Ananias of Damascus is mentioned in the book of Acts chapter 9. There is no other reference to this special disciple in Scripture, except in ch. 22:12, where Paul describes him as “a devout man according to the law, having a good report of all the Jews which dwelt” in Damascus. It is possible that these characteristics made him the leader of the Christian church and qualified him to be the Lord’s messenger to Saul.
How he became a believer is not given in the book of Acts. He may have followed the Lord during His earthly ministry or have been among the early converts on the day of Pentecost or at a later time. He then may have escaped from Jerusalem due to the persecution that came after the death of Stephen.
God Answered Paul’s Prayer
The story of Ananias in relation to Saul’s conversion starts after the Damascus experience. “Now there was a certain disciple at Damascus named Ananias; and to him the Lord said in a vision, “Ananias.” And he said, “Here I am, Lord.” So the Lord said to him, “Arise and go to the street called Straight, and inquire at the house of Judas for one called Saul of Tarsus, for behold, he is praying. And in a vision he has seen a man named Ananias coming in and putting his hand on him, so that he might receive his sight” (Acts 9:10-12). Ananias expressed readiness to execute the Lord’s instructions.
God through a vision prepared Ananias to visit Saul, and also prepared Saul for a visit from Ananias. This experience shows similarity to the preparation of Peter and Cornelius through visions (Acts 10:1–8). God informed His messenger that Saul was praying which is a contrast between the threatening and slaughter that the persecutor did as he drew near to Damascus.
But Ananias hesitated and said, “Lord, I have heard from many about this man, how much harm he has done to Your saints in Jerusalem. And here he has authority from the chief priests to bind all who call on Your name” (v.13,14). Nevertheless, the Lord told him, “Go, for he is a chosen vessel of Mine to bear My name before Gentiles, kings, and the children of Israel. For I will show him how many things he must suffer for My name’s sake” (v. 15,16). God chose Saul to carry Christ’s name, to the Gentiles and before kings like Agrippa (Acts 26:1, 2), and possibly Nero (2 Timothy 4:16).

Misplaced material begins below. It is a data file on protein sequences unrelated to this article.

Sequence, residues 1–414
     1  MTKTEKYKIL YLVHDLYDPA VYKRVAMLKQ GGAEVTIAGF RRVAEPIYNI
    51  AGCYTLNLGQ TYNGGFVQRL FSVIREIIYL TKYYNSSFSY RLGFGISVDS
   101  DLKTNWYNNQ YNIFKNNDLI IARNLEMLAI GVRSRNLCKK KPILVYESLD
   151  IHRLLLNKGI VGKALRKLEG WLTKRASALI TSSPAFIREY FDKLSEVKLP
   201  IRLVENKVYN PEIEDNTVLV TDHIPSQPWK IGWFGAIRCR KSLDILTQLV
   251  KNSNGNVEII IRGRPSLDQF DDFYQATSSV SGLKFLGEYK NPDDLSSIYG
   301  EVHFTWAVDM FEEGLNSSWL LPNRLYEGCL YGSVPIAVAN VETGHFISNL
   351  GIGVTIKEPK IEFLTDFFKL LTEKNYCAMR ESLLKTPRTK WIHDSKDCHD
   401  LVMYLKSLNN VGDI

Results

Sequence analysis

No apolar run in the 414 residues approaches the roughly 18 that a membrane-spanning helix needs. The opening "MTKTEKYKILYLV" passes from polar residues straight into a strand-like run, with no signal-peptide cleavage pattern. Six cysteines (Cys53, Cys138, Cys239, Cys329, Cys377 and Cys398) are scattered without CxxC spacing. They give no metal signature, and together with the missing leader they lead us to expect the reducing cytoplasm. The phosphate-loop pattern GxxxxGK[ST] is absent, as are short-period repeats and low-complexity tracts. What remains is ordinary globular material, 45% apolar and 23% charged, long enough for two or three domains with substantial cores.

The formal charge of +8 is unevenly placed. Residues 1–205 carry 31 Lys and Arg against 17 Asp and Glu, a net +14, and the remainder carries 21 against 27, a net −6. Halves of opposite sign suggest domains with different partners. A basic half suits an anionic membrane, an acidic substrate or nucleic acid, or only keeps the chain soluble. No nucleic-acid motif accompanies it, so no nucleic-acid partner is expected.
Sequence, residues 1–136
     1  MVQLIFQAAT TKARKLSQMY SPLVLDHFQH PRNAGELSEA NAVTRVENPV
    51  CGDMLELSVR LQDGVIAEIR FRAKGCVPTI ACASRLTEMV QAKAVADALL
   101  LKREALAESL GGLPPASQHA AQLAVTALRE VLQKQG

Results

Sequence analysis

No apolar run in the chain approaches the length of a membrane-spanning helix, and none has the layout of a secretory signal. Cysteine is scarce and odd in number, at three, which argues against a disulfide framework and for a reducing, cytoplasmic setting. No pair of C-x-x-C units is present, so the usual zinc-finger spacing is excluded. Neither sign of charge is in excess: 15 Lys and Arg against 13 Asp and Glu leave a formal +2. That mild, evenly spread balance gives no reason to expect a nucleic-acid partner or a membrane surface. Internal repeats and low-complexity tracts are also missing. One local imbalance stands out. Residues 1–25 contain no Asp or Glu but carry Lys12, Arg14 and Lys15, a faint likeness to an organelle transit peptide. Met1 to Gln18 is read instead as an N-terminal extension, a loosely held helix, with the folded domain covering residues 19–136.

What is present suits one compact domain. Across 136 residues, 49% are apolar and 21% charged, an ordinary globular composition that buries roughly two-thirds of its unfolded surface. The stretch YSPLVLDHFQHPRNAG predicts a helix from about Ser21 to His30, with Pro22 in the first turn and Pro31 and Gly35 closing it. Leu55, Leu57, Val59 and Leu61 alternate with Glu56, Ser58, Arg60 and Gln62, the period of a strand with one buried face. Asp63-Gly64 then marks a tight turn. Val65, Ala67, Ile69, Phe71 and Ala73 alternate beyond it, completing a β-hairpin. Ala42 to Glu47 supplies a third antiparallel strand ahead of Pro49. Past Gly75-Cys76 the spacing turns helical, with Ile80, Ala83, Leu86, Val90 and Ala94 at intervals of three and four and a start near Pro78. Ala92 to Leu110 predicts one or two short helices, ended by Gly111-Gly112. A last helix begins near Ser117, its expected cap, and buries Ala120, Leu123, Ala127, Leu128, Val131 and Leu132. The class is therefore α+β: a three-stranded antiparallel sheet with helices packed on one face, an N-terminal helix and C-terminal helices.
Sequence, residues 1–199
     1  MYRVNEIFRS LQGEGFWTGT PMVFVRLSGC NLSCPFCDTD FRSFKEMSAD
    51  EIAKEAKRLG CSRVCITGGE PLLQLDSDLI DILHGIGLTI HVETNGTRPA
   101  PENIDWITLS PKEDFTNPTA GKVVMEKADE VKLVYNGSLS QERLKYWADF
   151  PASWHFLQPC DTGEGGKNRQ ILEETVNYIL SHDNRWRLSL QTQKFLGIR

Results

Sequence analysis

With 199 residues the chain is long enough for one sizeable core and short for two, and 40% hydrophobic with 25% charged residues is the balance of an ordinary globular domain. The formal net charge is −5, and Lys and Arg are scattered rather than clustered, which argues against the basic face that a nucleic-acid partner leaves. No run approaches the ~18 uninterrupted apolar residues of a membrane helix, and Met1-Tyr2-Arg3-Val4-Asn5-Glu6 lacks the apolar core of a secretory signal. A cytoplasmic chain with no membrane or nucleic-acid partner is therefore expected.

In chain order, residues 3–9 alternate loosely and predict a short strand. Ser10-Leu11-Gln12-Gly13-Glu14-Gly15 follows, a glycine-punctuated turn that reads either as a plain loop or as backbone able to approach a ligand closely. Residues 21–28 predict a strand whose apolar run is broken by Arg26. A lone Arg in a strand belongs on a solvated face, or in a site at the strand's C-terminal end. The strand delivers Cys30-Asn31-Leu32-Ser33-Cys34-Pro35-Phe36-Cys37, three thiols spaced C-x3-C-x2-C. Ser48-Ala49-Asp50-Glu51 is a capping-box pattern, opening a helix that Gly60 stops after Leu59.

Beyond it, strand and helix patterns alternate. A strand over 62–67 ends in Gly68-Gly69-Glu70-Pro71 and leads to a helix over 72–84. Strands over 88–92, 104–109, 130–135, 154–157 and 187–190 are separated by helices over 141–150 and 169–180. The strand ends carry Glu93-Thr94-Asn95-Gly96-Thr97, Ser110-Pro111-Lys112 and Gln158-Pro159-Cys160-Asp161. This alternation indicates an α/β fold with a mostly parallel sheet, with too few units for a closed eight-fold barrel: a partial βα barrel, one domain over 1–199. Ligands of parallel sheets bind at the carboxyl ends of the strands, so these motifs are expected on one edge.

Ananias hesitation to visit Saul showed that he had good relationship with Jerusalem, for he knew of the trouble that the persecutor had raised against the early converts, and of the goal of his mission to Damascus.
Ananias Laid Hands on Paul
Ananias did as the Lord commanded and went to Saul’s house and laid his hands on him. And he said, “Brother Saul, the Lord Jesus, who appeared to you on the road as you came, has sent me that you may receive your sight and be filled with the Holy Spirit. Immediately there fell from his eyes something like scales, and he received his sight at once.” And he arose and was baptized. And Paul ate food and was strengthened. Then, he spent some days with the disciples at Damascus (v. 17-19).
The godly man exhorted Saul to get baptized for this service was regarded a condition for admission into the church (Matthew 3:6; Acts 22:16). Then, Saul broke his three day fast, got baptized, and eventually became known as the disciple to the Gentiles.
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In His service,